The leading edge of a new generation of Palm handhelds (PALM ) has arrived, and the first two products--the Tungsten T from Palm Solutions and the Clie PEG-NX70V from Sony Electronics (SNE )--could hardly be more different from each other. Both run the new OS 5 system software from PalmSource, and both offer the contact list and calendar that have always defined Palms. But the Tungsten, tiny enough to slip into a shirt pocket, is a power tool for the mobile executive, while the Clie is built for fun, taking Sony's passion for multimedia handhelds to a new level.
At first glance, the $499 Tungsten seems to have neither a keyboard nor a way to enter Graffiti--a simplified way of writing the alphabet that software can easily turn into text. The secret is that the bottom inch or so of the case, which carries the four familiar Palm buttons plus a new four-way navigation pad, slides down to reveal a Graffiti entry area. Closed, the Tungsten is just 4 in. by 3 in. and weighs just 5.6 oz.
When open, the Tungsten strongly resembles the Palm m515, which it replaces, in both form and function. A new Texas Instruments (TXN ) processor makes performance a lot zippier, and the screen resolution has quadrupled to 320 pixels by 320 pixels. Storage can be expanded beyond the basic 16 megabytes with SD memory cards. There's a real sound system, including a microphone and a stereo-headphone jack. But to use it as a music player, you'll have to download software from Real Networks (RNWK ).
If the Tungsten evinces elegant minimalism, the $599 Clie goes for a multimedia extravaganza. Like previous Clies, the big handheld--5 1/2 in. long when closed and weighing 8 oz.--uses a flip-open design with a camera built into the hinge. (A model with no camera costs $100 less.) Opening the Clie reveals the basic Palm buttons and a keyboard that offers an alternative to using Graffiti. The display also swivels, so the unit can fold into a tablet or stand, tepee-style, to show pictures or video on the screen.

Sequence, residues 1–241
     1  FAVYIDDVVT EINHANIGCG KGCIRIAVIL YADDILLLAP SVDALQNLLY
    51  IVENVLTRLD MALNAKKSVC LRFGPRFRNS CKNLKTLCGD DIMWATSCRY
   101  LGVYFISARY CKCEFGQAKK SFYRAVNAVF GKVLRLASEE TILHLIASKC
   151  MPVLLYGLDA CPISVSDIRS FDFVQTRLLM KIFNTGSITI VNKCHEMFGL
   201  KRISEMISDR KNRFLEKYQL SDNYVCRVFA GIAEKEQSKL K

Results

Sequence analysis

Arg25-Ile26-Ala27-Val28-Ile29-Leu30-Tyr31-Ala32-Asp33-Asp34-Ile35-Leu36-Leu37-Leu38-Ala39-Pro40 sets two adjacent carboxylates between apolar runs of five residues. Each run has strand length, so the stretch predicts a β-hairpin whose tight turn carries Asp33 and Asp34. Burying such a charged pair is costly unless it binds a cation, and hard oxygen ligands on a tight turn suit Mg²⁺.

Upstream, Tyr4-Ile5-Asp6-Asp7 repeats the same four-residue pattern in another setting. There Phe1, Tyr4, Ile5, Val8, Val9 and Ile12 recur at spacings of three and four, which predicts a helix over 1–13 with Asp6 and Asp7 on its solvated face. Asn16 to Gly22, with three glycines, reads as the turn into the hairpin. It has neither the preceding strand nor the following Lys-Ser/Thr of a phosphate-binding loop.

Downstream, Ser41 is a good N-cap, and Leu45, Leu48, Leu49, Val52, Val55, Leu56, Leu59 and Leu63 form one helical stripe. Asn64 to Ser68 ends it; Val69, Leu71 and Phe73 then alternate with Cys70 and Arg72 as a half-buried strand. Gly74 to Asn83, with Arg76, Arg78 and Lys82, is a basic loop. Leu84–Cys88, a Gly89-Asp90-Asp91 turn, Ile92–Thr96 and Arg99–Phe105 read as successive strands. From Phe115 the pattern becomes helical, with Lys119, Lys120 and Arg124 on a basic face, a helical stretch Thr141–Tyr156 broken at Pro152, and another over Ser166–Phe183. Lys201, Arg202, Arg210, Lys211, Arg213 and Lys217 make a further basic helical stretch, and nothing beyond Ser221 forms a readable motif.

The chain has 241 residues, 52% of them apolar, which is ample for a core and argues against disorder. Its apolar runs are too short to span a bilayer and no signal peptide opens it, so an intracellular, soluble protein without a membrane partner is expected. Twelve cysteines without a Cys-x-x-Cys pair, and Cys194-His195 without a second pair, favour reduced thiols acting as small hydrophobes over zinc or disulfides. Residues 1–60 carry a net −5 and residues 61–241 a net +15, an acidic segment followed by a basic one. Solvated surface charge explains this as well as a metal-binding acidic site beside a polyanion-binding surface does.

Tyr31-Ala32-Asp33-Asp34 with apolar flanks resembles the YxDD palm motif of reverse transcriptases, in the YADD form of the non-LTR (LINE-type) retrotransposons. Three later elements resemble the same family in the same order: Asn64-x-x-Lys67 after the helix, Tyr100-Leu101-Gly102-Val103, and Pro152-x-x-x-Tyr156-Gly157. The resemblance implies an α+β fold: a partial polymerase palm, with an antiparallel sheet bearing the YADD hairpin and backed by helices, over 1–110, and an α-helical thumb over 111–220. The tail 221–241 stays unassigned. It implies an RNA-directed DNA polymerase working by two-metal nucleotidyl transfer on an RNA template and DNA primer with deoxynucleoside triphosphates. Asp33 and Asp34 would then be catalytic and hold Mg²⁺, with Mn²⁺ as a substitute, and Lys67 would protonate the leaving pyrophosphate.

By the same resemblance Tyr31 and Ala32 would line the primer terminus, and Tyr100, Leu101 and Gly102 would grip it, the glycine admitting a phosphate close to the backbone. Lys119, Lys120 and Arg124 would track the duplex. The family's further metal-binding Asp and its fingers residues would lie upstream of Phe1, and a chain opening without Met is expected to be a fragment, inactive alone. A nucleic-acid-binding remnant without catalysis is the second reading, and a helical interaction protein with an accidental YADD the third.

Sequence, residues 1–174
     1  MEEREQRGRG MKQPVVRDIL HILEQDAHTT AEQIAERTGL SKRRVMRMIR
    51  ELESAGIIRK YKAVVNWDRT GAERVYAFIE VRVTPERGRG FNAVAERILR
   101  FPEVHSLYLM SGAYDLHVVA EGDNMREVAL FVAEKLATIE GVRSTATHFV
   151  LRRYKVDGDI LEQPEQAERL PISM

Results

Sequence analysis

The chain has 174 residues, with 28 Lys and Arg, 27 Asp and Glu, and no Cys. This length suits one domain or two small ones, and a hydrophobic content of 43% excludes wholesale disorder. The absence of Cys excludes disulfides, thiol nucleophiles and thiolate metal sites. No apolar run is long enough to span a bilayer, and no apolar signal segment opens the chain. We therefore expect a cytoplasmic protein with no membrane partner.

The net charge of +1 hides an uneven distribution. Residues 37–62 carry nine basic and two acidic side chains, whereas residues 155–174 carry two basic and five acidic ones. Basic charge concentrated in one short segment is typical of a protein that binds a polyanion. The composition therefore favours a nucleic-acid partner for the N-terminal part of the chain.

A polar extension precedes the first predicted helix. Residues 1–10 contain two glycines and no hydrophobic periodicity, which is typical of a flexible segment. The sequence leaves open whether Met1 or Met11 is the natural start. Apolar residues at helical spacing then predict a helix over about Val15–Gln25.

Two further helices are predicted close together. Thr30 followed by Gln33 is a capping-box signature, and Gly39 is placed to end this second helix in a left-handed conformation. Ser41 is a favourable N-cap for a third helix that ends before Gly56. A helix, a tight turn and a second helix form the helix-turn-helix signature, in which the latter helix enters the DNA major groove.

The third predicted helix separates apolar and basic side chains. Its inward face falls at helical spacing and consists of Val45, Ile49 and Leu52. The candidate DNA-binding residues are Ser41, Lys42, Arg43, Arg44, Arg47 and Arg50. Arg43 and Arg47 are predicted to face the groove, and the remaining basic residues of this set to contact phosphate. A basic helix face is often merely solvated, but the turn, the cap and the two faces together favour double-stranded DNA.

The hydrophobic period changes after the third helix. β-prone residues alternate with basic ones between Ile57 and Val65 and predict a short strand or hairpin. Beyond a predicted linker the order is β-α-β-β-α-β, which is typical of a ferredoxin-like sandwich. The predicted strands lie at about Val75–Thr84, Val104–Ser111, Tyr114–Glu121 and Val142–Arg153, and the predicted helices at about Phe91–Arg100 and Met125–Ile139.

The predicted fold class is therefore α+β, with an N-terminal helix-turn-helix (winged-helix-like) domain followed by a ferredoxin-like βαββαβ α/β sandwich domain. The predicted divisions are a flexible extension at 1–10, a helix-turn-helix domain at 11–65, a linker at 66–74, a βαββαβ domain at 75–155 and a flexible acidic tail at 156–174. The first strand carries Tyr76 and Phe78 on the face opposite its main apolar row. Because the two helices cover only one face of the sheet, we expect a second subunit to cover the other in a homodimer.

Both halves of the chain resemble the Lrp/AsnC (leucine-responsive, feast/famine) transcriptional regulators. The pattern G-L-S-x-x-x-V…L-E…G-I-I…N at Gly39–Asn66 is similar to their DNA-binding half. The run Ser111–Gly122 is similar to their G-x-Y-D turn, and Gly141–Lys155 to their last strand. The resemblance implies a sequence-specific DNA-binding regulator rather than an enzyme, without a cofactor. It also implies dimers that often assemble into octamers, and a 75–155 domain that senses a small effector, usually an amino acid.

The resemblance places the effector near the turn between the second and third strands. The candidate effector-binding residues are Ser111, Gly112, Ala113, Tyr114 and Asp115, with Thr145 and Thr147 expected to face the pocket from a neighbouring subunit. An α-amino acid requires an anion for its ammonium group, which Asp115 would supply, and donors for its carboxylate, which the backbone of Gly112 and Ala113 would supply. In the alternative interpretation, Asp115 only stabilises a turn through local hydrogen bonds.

The Clie features a slot for a WiFi wireless networking card ($150). It lets you browse the Net or fetch e-mail, but the Clie's excellent screen is still too small for efficient Web-page viewing, and the Clie Mail program isn't very good. You can do a wireless HotSync, but this will probably work only within your local network. It's less trouble just to pop the Clie into its cradle. Moreover, even the new Palm operating software has limited networking abilities. One consequence: It is almost impossible to diagnose common wireless-networking problems.
Clies have always specialized in rich content--playing music and movies, running slide shows, and doing other things that we supposed were impossible on a Palm-based handheld before OS 5. One handicap that even Sony's clever engineers couldn't overcome in the older models was a very slow processor. The new version boasts a speedy Intel XScale chip that makes it a pleasure to play MPEG or Macromedia Flash movies, listen to songs, view pictures, and even do a little light photoediting. Sony supplies a vast range of software to take advantage of these features and a MemoryStick slot for the expansion memory you'll want to run them. To manage the applications, Sony scrapped Palm's static display of icons in favor of a Start menu-like list of programs that you can scroll through and select with a jog wheel on the left side. The new approach takes a bit of getting used to, but it works well for the sort of long program list you are likely to have on a Clie.
If you want a high-end handheld that's all business and that you can carry almost without being aware that you have it with you, the Tungsten is just the thing. But if you prefer the biggest, brassiest, and most fun Palm device ever, go for Sony.
By Stephen H. Wildstrom